Ultimately you need to build a threat model to know what you are trying to protect against. For me it is cyber criminals and foreign state actors. The NSA and FBI are not part of my threat model so I am unconcerned about their ability to get a lawful warrant for my Google or iCloud data (given my job as a military officer I would have to hand it over anyway to keep my clearance even if zero-knowledge encrypted). You may have a different threat model that drives you to different choices and that's ok.
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Tejfyy
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Re: Computer Security - Encryption, Antivirus, Passwords

Post by Tejfyy »

I agree with DocInColo, the laptop itself isn't your biggest threat particularly if it's in your house, one that's locked and perhaps with a security alarm to boot. I'm a laptop user, Mac, my machine never leaves my house. The most recent change in my security habits has been moving my password manager off the cloud. I used Lastpass for many years, now I have a local database with Strongbox. As to the real threats Doc mentioned, I minimize and pay attention to my internet goings on. For example, I use a separate email account for my financial institution which emails when there's activity on my account. I change up 2-factor authentication methods. If I'm not using a device, it's offline.
lazydavid
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Re: Computer Security - Encryption, Antivirus, Passwords

Post by lazydavid »

Alchemist wrote: Sat Jan 16, 2021 9:44 pm The particulars of this answer can change a little based on which model of Mac you have and whether or not it has a T2 chip. Let's assume you have an older Mac like the one I am typing on right now, as a worst case scenario. Your files are encrypted when the Mac locks/sleeps but is still powered on. However, the decryption key is kept in RAM while the computer is running so it can quickly decrypt the drive when you unlock the device. This is a theoretical vulnerability if someone was able to physically remove the RAM and use some rather advanced techniques to retrieve the data. Considering that Mac laptops have RAM soldered to the motherboard this isn't really a concern. It is also a technique requiring the sophistication of state-level actors, not coffee shop bandits.
You actually don't have to take the RAM out. Thunderbolt ports, like the Firewire ports they replaced, fully support DMA (Direct Memory Access), so attacking those ports directly is a lot more straightforward than trying to move memory (even when it is removable) without losing its state.

But that doesn't change your conclusion. These are not attacks that are practiced by common thieves.
jayk238
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Re: Computer Security - Encryption, Antivirus, Passwords

Post by jayk238 »

DocInColo wrote: Sat Jan 16, 2021 7:00 pm All of the recent high-profile computer security hacks have me thinking about my own computer security.

Since most people store a LOT of confidential files on their computers (bank statements, passwords, tax returns, etc.) how do you keep them safe, especially on a laptop that is easily stolen? On a Mac you can turn on FileVault encryption, but is that enough? I read that FileVault only works when the computer is completely shut down. So if I have my laptop turned on, but the screen "locked" does that mean the disc is completely unencrypted?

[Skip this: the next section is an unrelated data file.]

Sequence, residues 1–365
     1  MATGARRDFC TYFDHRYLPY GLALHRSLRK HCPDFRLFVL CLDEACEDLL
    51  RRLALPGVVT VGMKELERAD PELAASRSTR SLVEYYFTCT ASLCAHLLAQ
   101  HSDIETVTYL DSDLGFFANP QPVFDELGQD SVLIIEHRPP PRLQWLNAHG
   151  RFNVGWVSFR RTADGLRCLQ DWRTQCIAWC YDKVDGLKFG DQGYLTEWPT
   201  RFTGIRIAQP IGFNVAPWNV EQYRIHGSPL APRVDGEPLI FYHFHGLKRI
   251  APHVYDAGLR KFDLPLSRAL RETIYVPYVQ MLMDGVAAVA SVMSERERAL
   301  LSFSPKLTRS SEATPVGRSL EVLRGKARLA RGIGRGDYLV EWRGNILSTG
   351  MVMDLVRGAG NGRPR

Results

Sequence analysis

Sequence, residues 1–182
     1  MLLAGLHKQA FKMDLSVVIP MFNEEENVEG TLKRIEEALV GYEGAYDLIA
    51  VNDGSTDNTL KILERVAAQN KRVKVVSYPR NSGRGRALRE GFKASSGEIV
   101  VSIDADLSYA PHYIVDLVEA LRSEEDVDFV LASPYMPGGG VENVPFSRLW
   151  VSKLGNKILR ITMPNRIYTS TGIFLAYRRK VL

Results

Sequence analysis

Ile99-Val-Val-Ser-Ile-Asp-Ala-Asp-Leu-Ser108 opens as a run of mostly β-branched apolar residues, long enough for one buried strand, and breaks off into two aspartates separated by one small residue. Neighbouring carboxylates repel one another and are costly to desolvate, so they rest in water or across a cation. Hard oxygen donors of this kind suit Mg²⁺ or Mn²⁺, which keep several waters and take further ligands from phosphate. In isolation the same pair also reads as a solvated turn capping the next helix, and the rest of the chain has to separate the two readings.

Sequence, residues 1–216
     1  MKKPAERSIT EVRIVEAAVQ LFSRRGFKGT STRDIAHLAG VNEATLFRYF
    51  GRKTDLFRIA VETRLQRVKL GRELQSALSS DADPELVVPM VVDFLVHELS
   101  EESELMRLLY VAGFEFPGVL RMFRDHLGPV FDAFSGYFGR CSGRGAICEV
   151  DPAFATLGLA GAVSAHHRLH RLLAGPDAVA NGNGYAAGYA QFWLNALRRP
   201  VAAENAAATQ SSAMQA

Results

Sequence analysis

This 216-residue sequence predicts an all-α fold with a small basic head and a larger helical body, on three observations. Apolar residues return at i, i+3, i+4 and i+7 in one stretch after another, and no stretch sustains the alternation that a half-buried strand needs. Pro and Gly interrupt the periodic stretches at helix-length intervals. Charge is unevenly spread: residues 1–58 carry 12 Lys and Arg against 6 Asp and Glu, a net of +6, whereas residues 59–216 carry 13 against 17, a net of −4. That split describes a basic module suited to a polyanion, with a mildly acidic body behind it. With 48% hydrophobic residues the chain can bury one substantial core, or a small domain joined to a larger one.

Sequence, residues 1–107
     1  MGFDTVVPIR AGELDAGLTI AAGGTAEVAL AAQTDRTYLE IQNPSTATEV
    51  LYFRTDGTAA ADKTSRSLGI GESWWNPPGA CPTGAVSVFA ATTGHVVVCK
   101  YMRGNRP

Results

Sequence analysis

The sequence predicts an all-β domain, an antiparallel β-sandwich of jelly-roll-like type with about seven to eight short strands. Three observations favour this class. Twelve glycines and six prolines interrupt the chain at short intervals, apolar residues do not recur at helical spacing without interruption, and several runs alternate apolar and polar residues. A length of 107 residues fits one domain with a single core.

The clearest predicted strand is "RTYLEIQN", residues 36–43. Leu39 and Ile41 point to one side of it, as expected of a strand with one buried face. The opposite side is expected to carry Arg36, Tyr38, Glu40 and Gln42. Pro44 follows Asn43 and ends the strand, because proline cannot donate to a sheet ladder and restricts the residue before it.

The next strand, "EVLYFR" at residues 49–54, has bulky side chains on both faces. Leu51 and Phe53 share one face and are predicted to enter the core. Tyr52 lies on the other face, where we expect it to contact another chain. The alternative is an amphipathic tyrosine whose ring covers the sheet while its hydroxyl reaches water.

The Mac also does not have a feature that automatically erases the laptop after a certain number of wrong passwords, so what would keep someone from "brute force" attacking the login password to compromise my account?

I also really like the Apple Keychain password manager because it can create strong passwords and sync them across all devices. But, on a Mac, if you are logged into an account it will autofill the password without asking for ANY sort of master password. At least the iPhone requires Face/Touch ID before a password is autofilled. This seems like a huge security issue on the Mac because if someone can gain access to your account, they have access to all of your passwords.

I'm curious what Bogleheads are doing about online/computer security, especially on Macs. I love Apple's integrated system (and all my tech is Apple), but it seems like there are some major security holes that I need to plug.
I have a mac.
My security concerns do not revolve around this

I currently use ubiquiti for my router. I thought it was safe until evidence came out that some level of entry took place within their networks. I recently changed passwords to my ubiquiti access.

I make sure to have a different password for every important website- all finance sites like chase, vanguard etc.

I also make sure to enable 2 factor authentication. I only use chip based authentication such as Yubikey. I do not trust cell phone text passcodes. I hate vanguard for this because there is no way around it but so be it.

I use protonmail for ONLY banking/finance accounts. This way I reduce my chances of being phished. It is highly secure and unlike google does not freely scour your emails to sell ads.

Once I the 2 comma mark, I plan to airgap a new laptop solely used for financial purpose and nothing else.

with the recent news of a massive breach that pretty much affected EVERYONE I make sure to have paper reports of everything banking wise. I no longer do paperless.
Topic Author
DocInColo
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Re: Computer Security - Encryption, Antivirus, Passwords

Post by DocInColo »

Great responses, thanks! I don't think my older Mac has the T2 chip. I guess it's a matter of how sophisticated the thief/hacker is. I would assume 99.9% of people who steal a laptop probably just want to turn around and make a quick buck off it. They wouldn't have the technology or knowledge to undertake some sophisticated attack on the laptop.

I do have two more questions that came up from reading these responses: